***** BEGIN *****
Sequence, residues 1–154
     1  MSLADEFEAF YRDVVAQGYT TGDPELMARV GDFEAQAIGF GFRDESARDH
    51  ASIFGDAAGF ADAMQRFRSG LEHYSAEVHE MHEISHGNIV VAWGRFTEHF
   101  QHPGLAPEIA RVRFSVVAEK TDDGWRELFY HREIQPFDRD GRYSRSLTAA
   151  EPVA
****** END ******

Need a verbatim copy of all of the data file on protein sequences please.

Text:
Sequence, residues 1–154
     1  MSLADEFEAF YRDVVAQGYT TGDPELMARV GDFEAQAIGF GFRDESARDH
    51  ASIFGDAAGF ADAMQRFRSG LEHYSAEVHE MHEISHGNIV VAWGRFTEHF
   101  QHPGLAPEIA RVRFSVVAEK TDDGWRELFY HREIQPFDRD GRYSRSLTAA
   151  EPVA